San Diego, Philippines (1600)
Found and salvaged by the French treasure hunter Frank Goddio. It was recorded by a team of French state archaeologists.
Description of the Site
The bottom of this ship was amazingly preserved from stem to stern, covering an area of 26.75 by 8.80 m. False-keel, keel, keelson, maststep, sternpost, deadwoods, footwales and stringers, floors, first and second futtocks, top timbers, planking and ceiling were preserved together with the pump arrangements, stanchions and bulwarks.
Only the extremities of the keel were observed. It was 21 x 21 cm in section, cut of a Philippine tree (Calophyllum inophyllum) and 23.73 m ( 42 codos) long. Apparently it seated on a false-keel 30 cm sided and 15 cm molded. The together was fastened to the keelson through the keel and floors. No information on rabbets. There were couces on the bow and stern, this last one having a skeg. The stem was not preserved, but its source showed an angle with the keel. The sternpost raked 60º. No further dimensions are provided. The keelson is cut out of a single log of a Philippine tree (Terminalia microcarpa), is 17.50 m long and has a section between 20-25 cm sided and 25-35 cm molded. The maststep is an enlarged portion of the keelson 3.40 m long, 35 cm sided and 30 cm molded. The mortise is 31 cm long, 17 cm sided and 16.5 cm deep, and is situated towards the after end of the maststep, around 1.5 m abaft the two midship frames and 11.10 m before the after end of the keel.
The two midship floors are fastened to two futtocks each, determining the framing pattern – the futtocks joined to the faces of the floors that look to the extremities of the ship. Its center is located between 75 and 85 cm before the middle of the keel. Fifty one frames are mentioned, floors, first and second futtocks being 15.5-19 cm sided and spaced between 15 and 25 from each other. Although no room and space average is given, the drawing shows it to be around 40 cm. Dovetail joints were observed (apparently just fastened with iron nails), as well as hooked scarves, although no further details are given. Second futtocks were placed end to end against the floors, and were not attached to the first futtocks. At the stern a mortar was poured between the Y-frames and the first futtocks rested upon it. All frames were cut from the same timber as the keel and source (Calophyllum inophyllum). It seems that many timbers had construction marks but again no details are given.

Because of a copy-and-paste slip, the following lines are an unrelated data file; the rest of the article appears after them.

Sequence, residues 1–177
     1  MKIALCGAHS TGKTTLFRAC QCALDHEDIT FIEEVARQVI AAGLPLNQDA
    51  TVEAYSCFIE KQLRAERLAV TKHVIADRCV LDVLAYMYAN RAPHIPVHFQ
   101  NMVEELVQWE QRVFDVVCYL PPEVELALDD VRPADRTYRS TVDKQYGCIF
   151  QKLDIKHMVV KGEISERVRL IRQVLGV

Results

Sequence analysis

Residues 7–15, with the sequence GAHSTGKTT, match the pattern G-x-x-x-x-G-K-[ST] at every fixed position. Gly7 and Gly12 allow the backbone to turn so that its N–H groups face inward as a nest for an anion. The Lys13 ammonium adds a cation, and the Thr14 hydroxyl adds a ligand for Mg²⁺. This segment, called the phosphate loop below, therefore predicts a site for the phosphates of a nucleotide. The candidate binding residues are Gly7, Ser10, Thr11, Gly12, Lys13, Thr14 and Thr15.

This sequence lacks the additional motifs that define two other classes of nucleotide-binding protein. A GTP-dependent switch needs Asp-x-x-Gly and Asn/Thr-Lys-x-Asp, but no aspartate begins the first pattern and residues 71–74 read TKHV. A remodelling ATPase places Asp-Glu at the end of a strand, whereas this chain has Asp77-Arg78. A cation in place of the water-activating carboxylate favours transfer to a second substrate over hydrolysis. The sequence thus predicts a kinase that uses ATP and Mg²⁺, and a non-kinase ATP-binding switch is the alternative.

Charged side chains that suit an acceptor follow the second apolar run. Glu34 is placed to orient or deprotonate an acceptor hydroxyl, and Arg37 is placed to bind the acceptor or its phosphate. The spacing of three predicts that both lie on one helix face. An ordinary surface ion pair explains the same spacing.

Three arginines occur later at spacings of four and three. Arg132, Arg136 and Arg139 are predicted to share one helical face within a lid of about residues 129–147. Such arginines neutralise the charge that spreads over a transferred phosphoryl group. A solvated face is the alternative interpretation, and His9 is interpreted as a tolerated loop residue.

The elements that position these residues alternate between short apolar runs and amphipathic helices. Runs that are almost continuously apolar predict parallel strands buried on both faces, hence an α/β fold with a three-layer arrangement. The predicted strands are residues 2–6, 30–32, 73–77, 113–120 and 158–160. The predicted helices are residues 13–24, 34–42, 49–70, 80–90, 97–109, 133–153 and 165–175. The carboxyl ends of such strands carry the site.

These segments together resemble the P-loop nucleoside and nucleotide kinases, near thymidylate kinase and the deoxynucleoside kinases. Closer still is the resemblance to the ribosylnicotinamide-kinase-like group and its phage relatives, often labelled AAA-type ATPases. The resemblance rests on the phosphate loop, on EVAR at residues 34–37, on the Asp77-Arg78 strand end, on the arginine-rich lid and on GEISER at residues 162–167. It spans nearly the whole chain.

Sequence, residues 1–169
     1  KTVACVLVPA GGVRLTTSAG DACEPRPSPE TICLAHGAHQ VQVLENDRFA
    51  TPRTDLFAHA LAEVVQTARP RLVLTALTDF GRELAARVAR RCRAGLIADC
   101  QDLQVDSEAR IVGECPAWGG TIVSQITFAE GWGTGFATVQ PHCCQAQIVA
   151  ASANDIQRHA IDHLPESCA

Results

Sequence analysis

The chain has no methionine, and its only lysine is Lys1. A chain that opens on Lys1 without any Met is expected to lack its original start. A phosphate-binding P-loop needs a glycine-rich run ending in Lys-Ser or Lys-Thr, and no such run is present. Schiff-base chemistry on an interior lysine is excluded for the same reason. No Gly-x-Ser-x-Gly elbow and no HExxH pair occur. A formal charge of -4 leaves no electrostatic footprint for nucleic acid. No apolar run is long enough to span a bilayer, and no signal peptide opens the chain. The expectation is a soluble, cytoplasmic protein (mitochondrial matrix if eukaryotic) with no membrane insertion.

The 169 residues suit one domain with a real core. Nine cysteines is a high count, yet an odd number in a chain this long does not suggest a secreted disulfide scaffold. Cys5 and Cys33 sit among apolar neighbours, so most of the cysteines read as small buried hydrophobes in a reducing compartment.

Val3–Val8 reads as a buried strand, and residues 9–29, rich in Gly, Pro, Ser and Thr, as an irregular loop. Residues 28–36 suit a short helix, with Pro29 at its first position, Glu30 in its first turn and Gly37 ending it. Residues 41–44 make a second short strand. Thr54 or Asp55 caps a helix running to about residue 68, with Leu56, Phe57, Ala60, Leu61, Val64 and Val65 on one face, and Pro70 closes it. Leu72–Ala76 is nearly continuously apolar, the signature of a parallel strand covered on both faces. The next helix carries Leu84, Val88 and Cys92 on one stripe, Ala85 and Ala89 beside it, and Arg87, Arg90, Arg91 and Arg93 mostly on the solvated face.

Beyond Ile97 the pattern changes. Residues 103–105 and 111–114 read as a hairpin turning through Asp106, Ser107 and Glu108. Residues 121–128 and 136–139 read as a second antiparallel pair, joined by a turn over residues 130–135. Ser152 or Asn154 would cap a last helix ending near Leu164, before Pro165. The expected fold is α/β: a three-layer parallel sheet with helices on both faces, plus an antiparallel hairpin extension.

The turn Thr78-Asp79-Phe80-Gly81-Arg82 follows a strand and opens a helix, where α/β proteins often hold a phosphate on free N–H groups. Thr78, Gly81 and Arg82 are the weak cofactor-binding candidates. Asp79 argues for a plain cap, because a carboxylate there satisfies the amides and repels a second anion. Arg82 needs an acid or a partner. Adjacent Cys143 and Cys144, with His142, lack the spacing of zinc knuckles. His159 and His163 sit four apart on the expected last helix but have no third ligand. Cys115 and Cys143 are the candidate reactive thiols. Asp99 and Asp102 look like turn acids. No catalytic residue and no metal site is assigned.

The planking was 6.5-7 cm thick and 30-35 cm wide and fastened with iron nails to the frames. No details are given. The planking was cut from a Philippine tree (Dipterocarpus cf. Grandiflorus).
Ceiling, Thick Stuff and Wales
Apparently there was no ceiling. A footwale was nailed over the overlap area of the floors and first futtocks. It was cut of the same wood as the keelson and was 31 to 35 cm sided, 14.5 cm molded, and notches over the frames. Another two stringers were placed over the overlap areas of the first and second futtocks, and second futtocks and top timbers. These were cut of the same wood as the planking, and were 25 to 30 cm sided and 8 cm molded.
It seems that there were no treenails. It also appears that the floors were not spiked to the keel, but only held by the bolts that fastened the false-keel, keel and keelson.
A fibrous material was retrieved from the seams and presumed to be coconut fibers after the written sources.
Size and Scantlings
Said to be 200 toneladas by the Spanish and 600 tons by Olivier de Noort. It has been reconstructed to be 23.73 m of keel, 11.30 (50 cm) of beam, 7.63 (50 cm) of depth in hold, and 37 to 37.5 m long on the main deck. These measures lead to a tonnage of 778 toneladas after Christobal de Barros and 1050 toneladas according to Tome Cano.
|Construction Feature||Sided cm)||Molded (cm)|
All woods were native from the Philippines.
L’Hour, Michel “Construction navale” in Le San Diego - Un Trésor sous la Mer, Ch. 3 : 118-153. Paris, 1994.